Senators oppose lock usage fee
by Wally Northway
Published: September 24,2009
WASHINGTON — Sen. Thad Cochran and Sen. Roger Wicker, both R-Miss., have reiterated their opposition to a proposed lock usage fee sought by the Obama Administration to raise revenue for the Inland Waterways Trust Fund.
The Mississippi senators are among a bipartisan group of 20 senators who object to the proposed fee and who issued letters to the leadership of the Senate Finance Committee, as well as the Senate Environment and Public Works Committee, asking them not to move forward with legislation to implement the lock usage fee.
“There is a clear recognition that the Inland Waterways Trust Fund cannot keep up with the demands placed on it. The lock usage fee, which Congress has rejected in the past, is not a fair or efficient tool for fixing the financial problems facing the Trust Fund,” said Cochran. “I think the Congress should work to find a more suitable solution that will keep the Trust Fund solvent and enable the Army Corps of Engineers to address the backlog of improvement projects on our waterways.”
In their correspondence, the lawmakers asked the committees to allow them to continue their work with the Army Corps of Engineers, Inland Waterways User Board and others to develop specific alternatives to address the pending Trust Fund shortfall and to improve the efficiency of Army Corps of Engineers projects on inland and intracoastal waterways.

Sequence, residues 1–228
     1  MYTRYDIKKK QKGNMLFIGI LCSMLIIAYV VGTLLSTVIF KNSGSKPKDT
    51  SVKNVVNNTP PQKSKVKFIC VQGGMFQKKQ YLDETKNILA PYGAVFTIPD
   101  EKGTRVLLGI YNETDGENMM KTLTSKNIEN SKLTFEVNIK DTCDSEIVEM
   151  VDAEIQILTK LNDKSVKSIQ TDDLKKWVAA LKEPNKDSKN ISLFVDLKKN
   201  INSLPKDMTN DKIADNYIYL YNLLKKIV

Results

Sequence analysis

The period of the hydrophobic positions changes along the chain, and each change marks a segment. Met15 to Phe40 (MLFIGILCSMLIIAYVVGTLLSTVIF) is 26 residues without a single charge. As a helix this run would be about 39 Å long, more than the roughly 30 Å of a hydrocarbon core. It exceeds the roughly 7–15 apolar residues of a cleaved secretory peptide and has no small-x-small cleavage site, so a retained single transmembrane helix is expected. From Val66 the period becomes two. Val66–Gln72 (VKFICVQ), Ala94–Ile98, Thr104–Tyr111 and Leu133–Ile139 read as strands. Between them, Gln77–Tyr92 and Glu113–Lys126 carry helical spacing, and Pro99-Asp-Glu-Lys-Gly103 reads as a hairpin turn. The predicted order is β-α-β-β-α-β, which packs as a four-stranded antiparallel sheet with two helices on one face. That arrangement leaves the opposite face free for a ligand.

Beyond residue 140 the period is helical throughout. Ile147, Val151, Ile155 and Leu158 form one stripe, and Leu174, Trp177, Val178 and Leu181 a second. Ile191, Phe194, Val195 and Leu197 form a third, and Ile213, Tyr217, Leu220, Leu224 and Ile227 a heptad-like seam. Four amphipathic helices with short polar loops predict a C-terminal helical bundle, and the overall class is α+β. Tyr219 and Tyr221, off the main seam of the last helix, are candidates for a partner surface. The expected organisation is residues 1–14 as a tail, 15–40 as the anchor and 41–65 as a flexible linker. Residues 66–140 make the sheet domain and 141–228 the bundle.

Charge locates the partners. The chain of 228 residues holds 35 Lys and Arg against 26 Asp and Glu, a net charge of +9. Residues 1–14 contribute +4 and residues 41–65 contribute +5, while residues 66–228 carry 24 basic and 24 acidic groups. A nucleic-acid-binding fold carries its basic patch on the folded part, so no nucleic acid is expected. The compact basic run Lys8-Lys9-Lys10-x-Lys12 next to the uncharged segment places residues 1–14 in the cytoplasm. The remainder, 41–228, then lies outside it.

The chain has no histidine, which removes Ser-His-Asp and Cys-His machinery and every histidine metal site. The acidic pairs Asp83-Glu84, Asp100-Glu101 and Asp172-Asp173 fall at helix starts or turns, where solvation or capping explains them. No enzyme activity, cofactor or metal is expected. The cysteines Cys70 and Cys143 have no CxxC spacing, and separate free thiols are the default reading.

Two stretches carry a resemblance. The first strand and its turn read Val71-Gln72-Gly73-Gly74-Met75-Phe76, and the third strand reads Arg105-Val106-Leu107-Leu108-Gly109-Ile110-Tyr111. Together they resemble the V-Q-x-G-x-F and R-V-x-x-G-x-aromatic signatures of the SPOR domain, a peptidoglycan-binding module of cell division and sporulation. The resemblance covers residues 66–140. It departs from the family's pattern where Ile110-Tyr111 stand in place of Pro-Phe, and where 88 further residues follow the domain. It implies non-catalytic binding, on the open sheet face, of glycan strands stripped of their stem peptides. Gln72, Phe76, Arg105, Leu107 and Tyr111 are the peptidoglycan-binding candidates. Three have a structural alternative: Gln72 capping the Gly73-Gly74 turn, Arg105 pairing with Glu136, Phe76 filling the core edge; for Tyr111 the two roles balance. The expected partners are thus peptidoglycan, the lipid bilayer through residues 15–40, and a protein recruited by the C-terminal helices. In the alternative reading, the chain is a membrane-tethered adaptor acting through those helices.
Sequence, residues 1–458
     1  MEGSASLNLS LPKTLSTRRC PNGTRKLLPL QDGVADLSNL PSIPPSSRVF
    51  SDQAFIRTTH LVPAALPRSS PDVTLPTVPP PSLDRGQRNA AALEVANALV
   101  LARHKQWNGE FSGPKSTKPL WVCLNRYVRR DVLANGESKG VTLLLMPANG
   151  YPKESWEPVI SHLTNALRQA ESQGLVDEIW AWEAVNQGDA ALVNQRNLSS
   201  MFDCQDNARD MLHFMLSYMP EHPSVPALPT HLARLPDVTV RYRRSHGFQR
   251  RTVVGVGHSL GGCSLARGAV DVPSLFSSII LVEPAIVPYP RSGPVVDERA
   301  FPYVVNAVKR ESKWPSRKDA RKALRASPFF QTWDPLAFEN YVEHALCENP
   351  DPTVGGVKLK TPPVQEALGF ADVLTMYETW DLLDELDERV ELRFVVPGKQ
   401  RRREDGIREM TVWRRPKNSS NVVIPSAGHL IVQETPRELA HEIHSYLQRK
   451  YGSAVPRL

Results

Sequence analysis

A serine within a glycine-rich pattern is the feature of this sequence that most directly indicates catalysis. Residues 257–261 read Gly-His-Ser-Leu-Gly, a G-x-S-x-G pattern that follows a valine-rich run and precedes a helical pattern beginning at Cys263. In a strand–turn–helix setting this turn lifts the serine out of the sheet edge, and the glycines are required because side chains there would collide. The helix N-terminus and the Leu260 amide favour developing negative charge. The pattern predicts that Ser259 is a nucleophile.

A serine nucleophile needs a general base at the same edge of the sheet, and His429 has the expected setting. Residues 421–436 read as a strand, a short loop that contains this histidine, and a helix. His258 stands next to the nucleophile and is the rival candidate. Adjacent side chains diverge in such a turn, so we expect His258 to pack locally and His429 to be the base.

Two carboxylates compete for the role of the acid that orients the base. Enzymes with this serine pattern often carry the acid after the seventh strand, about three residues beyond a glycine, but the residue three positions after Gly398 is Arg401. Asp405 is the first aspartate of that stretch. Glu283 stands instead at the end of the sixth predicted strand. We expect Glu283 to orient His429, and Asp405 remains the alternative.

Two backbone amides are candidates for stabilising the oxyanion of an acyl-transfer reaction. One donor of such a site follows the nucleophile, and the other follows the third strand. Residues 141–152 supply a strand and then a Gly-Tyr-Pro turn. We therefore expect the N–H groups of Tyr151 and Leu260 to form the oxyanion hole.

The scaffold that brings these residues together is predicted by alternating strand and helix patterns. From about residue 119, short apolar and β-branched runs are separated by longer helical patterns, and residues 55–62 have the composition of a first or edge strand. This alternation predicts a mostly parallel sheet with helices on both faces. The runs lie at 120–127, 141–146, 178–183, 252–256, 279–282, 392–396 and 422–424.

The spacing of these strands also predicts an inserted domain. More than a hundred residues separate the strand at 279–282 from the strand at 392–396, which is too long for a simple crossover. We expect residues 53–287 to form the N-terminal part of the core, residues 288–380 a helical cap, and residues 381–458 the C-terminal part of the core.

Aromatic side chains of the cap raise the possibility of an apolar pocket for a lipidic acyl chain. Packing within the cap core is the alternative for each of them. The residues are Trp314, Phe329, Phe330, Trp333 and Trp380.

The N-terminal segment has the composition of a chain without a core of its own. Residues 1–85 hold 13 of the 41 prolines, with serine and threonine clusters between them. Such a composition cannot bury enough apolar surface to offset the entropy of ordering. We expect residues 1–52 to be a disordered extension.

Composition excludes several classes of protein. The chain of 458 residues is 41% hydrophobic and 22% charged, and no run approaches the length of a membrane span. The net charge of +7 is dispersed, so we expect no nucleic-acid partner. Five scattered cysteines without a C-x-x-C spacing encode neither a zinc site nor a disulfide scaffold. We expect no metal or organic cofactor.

The proposed lock usage fee would replace an existing diesel fuel tax (20-cents a gallon) as the primary revenue-generating mechanism for the Trust Fund. These funds are used to meet the required 50 percent nonfederal cost-share requirement for constructing, replacing, expanding or rehabilitating Army Corps waterways projects.
In Mississippi, the Trust Fund has previously been used to support works on the Mississippi River system, including the Tennessee-Tombigbee Waterway and the Gulf Intracoastal Waterway.
Cochran is now a member of a conference committee that will reconcile differences between the House and Senate on the FY2010 Energy and Water Development Act (HR.3183/S.1436). The Senate bill recommended $5.4 billion for the Army Corps of Engineers Civil Works program. The Senate legislation also includes report language that prohibits the Army Corps from entering into any new continuing contacts for inland waterway projects until Congress adopts a plan to ensure the fiscal viability of the Inland Waterways Trust Fund.
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